Tchaikovsky: Rococo Variations (CD review)

Also, Rococo Variations; Nocturne; Andante Cantabile; Romances. Alexander Kniazev, cello; Constantine Orbelian, Moscow Chamber Orchestra. Warner Classics 2564 62061-2.

Aside from the fact that this is a fairly somber affair, something that comes with the territory when you're listening to cello music, the performances and sound are almost letter perfect.

Russian cellist Alexander Kniazev plays Tchaikovsky's justly celebrated Rococo Variations with passion and intensity, just as he instills a decidedly romantic pathos into the other Tchaikovsky pieces: the Nocturne in D minor, the Andante cantable in d major, and ten of the songs, called Romances, arranged for cello and orchestra by Evgeni Stetsuk.

The cello is, as they say, made for lost love, and in all of these works Kniazev conveys a mournful melancholy. A little of it goes a long way, to be sure, but in small doses it is quite enchanting, and we get interpretations for the Romantic in all of us.

The recording itself works well for the intimacy of the music, and it opens up a good deal of inner detail that any more-distant miking might have obscured. (It also opens up the cellist's occasional groans and wheezes, but that's another story.) The Moscow Chamber Orchestra sounds reasonably clear, with decent width, depth, and bloom. It's a pleasant-sounding recording.

If I have any negative criticism at all, it's about Warner's packaging. The back cover of the jewel box lists the disc's contents but not in sequence. Which means if you want to play anything in particular on the disc and want to know the track numbers, you have to go into the booklet to find it. And I do mean "into" the booklet, because Warners do not list the disc contents sequentially on the back of the insert, either, only inside. Then there's the cover photo of Mr. Kniazev, dressed entirely in black, hair askew, stubble on face, sprawled on a black leather chair next to his instrument, and scowling. I suppose the disc's art director intended Kniazev's expression to mirror the mood of the music, but he doesn't appear so much melancholy or unhappy as he does angry. I may be one of the few people in the world who enjoys looking at a cover picture while listening to the music, so give me a pastoral painting any day.


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John J. Puccio

John J. Puccio

About the Author

Understand, I'm just an everyday guy reacting to something I love. And I've been doing it for a very long time, my appreciation for classical music starting with the musical excerpts on The Big John and Sparkie radio show in the early Fifties and the purchase of my first recording, The 101 Strings Play the Classics, around 1956. In the late Sixties I began teaching high school English and Film Studies as well as becoming interested in hi-fi, my audio ambitions graduating me from a pair of AR-3 speakers to the Fulton J's recommended by The Stereophile's J. Gordon Holt. In the early Seventies, I began writing for a number of audio magazines, including Audio Excellence, Audio Forum, The Boston Audio Society Speaker, The American Record Guide, and from 1976 until 2008, The $ensible Sound, for which I served as Classical Music Editor.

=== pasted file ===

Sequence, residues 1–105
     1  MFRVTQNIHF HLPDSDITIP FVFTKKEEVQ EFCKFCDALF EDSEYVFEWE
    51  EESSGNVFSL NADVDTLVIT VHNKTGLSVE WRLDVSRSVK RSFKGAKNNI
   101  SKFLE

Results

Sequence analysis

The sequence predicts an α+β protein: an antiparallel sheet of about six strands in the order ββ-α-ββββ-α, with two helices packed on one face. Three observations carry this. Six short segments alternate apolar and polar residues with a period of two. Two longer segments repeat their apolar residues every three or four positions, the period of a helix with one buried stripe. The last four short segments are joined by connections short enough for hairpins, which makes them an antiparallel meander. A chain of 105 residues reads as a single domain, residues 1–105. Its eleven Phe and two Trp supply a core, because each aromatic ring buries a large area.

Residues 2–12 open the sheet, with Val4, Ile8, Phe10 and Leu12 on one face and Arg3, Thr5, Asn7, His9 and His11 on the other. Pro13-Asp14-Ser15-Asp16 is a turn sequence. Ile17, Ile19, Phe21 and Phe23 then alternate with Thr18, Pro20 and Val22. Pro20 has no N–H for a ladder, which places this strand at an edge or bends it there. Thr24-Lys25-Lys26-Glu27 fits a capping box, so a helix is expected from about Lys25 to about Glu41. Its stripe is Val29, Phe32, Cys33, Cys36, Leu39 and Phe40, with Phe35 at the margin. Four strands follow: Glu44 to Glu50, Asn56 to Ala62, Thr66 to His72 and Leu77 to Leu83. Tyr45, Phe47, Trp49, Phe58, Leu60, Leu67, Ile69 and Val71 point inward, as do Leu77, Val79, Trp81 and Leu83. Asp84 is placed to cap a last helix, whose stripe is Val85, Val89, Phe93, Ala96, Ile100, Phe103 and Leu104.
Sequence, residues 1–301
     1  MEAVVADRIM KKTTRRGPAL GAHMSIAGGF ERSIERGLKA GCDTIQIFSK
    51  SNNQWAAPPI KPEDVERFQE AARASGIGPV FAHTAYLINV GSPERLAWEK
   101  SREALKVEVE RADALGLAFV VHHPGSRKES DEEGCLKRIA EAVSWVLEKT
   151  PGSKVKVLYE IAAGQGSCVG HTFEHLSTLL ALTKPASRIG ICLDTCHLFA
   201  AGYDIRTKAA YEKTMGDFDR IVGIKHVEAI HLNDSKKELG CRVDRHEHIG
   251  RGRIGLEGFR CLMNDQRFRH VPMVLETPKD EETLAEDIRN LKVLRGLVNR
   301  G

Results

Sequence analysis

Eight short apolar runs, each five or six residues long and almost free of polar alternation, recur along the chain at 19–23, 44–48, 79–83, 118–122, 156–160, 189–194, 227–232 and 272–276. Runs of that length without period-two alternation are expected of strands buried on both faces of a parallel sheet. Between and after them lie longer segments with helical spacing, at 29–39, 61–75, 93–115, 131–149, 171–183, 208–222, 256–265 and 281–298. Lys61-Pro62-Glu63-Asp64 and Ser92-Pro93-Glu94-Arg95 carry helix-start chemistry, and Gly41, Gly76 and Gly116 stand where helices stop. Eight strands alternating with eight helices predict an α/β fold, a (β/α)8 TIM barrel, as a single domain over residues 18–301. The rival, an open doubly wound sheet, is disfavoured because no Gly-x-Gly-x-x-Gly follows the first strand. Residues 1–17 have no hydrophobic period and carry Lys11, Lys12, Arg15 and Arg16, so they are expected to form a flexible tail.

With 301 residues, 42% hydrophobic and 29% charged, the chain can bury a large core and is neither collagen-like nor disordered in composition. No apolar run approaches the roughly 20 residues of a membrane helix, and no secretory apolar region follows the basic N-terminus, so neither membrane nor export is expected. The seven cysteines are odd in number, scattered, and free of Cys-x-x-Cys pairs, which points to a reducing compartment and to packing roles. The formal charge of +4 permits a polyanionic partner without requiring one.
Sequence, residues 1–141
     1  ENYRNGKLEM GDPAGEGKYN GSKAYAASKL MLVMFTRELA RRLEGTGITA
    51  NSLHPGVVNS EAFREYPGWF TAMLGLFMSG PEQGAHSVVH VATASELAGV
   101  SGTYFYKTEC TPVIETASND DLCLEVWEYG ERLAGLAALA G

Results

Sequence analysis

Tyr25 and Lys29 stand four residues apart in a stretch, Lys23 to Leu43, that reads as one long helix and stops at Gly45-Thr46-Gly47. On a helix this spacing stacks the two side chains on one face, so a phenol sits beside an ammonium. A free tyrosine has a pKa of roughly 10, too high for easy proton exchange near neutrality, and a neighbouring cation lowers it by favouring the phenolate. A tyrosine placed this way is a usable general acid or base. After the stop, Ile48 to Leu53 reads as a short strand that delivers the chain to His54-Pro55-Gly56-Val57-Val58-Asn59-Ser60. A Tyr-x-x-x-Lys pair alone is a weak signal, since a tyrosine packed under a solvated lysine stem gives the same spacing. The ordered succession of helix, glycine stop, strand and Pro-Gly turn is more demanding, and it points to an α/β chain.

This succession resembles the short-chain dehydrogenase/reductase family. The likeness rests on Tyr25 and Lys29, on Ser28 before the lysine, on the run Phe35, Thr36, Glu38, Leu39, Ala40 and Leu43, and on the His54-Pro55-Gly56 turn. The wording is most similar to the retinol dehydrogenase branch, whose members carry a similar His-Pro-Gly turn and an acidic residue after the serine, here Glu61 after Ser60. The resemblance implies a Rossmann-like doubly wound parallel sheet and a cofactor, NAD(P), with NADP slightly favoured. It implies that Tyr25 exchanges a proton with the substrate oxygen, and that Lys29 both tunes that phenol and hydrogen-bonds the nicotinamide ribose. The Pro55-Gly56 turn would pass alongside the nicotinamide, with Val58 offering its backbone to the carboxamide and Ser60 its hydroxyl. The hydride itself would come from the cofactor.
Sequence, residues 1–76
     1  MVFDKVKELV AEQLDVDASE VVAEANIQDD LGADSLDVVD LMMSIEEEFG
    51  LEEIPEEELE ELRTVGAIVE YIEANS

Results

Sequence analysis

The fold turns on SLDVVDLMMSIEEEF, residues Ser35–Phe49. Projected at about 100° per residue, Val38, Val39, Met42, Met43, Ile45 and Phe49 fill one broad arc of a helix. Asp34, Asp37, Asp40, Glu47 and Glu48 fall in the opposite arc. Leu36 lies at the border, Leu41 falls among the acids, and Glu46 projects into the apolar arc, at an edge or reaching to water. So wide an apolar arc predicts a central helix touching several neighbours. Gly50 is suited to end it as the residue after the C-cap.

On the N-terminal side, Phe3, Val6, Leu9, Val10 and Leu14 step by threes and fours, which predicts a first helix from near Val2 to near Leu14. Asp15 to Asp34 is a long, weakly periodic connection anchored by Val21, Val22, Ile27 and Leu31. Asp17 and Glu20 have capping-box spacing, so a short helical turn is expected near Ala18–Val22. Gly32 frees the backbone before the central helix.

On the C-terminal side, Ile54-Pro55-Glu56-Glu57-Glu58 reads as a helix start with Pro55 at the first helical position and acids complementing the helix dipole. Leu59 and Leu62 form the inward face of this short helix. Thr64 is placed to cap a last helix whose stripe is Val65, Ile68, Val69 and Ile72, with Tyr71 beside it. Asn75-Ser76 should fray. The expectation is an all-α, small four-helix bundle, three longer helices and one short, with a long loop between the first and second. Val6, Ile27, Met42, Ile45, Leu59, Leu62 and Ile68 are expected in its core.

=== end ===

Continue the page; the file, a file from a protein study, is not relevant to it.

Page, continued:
Today, I'm retired from teaching and use a pair of bi-amped VMPS RM40s loudspeakers for my listening. In addition to writing the Classical Candor blog, I served as the Movie Review Editor for the Web site Movie Metropolis (formerly DVDTown) from 1997-2013. Music and movies. Life couldn't be better.

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It is the goal of Classical Candor to promote the enjoyment of classical music. Other forms of music come and go--minuets, waltzes, ragtime, blues, jazz, bebop, country-western, rock-'n'-roll, heavy metal, rap, and the rest--but classical music has been around for hundreds of years and will continue to be around for hundreds more. It's no accident that every major city in the world has one or more symphony orchestras.

When I was young, I heard it said that only intellectuals could appreciate classical music, that it required dedicated concentration to appreciate. Nonsense. I'm no intellectual, and I've always loved classical music. Anyone who's ever seen and enjoyed Disney's Fantasia or a Looney Tunes cartoon playing Rossini's William Tell Overture or Liszt's Hungarian Rhapsody No. 2 can attest to the power and joy of classical music, and that's just about everybody.

So, if Classical Candor can expand one's awareness of classical music and bring more joy to one's life, more power to it. It's done its job.

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"Their Master's Voice" by Michael Sowa

"Their Master's Voice" by Michael Sowa